Should open-end mutual funds experience redemption pressures, they may be forced to sell assets, thus contributing to asset price dislocations that in turn could be felt by other entities holding similar assets. This fire-sale externality is a key rationale behind proposed and implemented regulatory actions. In this post, I quantify the spillover risks from fire sales, and present some preliminary results on the potential exposure of U.S. banking institutions to asset fire sales from open-end funds.
Outflows from Open-End Funds during the Covid Crisis
We typically think of banks as the natural providers of liquidity, mainly through their deposit accounts, but nonbank financial institutions have also become major suppliers of liquidity in the economy over the years. Among the latter are open-end mutual funds (OEFs) that give investors the option to redeem their shares on demand. Because redemptions by an investor can affect the share value of remaining investors, OEF investors have a first-mover advantage to redeem ahead of everyone else in stressed circumstances, generating the conditions for run-like dynamics (Chen, Goldstein, and Jiang ; Goldstein, Jiang, and Ng ).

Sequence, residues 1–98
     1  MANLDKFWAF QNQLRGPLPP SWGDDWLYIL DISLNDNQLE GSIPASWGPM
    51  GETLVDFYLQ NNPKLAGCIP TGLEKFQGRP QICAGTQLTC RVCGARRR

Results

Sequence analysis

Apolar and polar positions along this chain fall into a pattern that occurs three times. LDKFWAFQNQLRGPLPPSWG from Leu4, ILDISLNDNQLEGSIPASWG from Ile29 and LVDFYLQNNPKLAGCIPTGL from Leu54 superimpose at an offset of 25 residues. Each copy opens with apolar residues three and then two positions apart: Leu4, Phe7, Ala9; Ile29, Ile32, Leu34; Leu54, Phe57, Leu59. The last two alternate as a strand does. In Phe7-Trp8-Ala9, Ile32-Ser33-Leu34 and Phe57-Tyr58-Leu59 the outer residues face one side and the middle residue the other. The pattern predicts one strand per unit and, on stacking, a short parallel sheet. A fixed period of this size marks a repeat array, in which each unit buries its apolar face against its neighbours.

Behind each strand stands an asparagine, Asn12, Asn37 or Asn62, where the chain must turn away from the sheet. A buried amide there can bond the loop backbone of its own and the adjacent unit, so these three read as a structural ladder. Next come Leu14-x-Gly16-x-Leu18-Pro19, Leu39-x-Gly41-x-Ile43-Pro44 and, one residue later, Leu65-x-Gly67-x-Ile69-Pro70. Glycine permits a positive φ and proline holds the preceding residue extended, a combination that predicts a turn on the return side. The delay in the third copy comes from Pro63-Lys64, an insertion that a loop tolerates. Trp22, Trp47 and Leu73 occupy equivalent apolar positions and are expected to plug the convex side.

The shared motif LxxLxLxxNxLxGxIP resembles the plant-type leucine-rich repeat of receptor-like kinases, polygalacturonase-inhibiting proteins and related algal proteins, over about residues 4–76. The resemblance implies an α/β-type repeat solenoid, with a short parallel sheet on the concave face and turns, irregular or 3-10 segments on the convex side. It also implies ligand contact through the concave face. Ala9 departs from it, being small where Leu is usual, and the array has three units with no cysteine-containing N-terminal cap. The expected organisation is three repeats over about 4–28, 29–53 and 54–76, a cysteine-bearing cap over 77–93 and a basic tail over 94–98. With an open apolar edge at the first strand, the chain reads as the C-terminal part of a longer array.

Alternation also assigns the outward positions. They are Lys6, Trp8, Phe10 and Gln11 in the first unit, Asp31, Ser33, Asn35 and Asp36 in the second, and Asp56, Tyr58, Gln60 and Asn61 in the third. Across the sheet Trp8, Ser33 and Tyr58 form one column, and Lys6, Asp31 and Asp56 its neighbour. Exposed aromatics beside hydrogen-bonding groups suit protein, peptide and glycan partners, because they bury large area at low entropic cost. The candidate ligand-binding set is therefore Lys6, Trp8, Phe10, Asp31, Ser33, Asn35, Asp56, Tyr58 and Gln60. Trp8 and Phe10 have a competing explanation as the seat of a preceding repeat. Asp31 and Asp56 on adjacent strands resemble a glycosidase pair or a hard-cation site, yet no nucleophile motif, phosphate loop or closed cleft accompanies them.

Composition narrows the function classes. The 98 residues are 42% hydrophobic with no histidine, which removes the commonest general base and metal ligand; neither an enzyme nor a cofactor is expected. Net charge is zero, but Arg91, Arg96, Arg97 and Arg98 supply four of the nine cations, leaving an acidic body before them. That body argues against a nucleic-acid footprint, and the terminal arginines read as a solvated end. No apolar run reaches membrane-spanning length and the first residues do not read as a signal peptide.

When OEFs experience significant outflows, as during March 2020, they may accommodate the redemptions through the partial liquidation of their asset holdings. This sale of assets, if conducted broadly across funds, affects prices to a greater extent than during normal market conditions when sales by some entities are offset through purchases by others. Such diffused asset (fire) sales could have macroeconomic consequences, a possibility that was explicitly mentioned in the holistic review of pandemic-related market turmoil that regulatory agencies undertook in Fall 2020.
Quantifying Fire-Sale Risk from Open-End Funds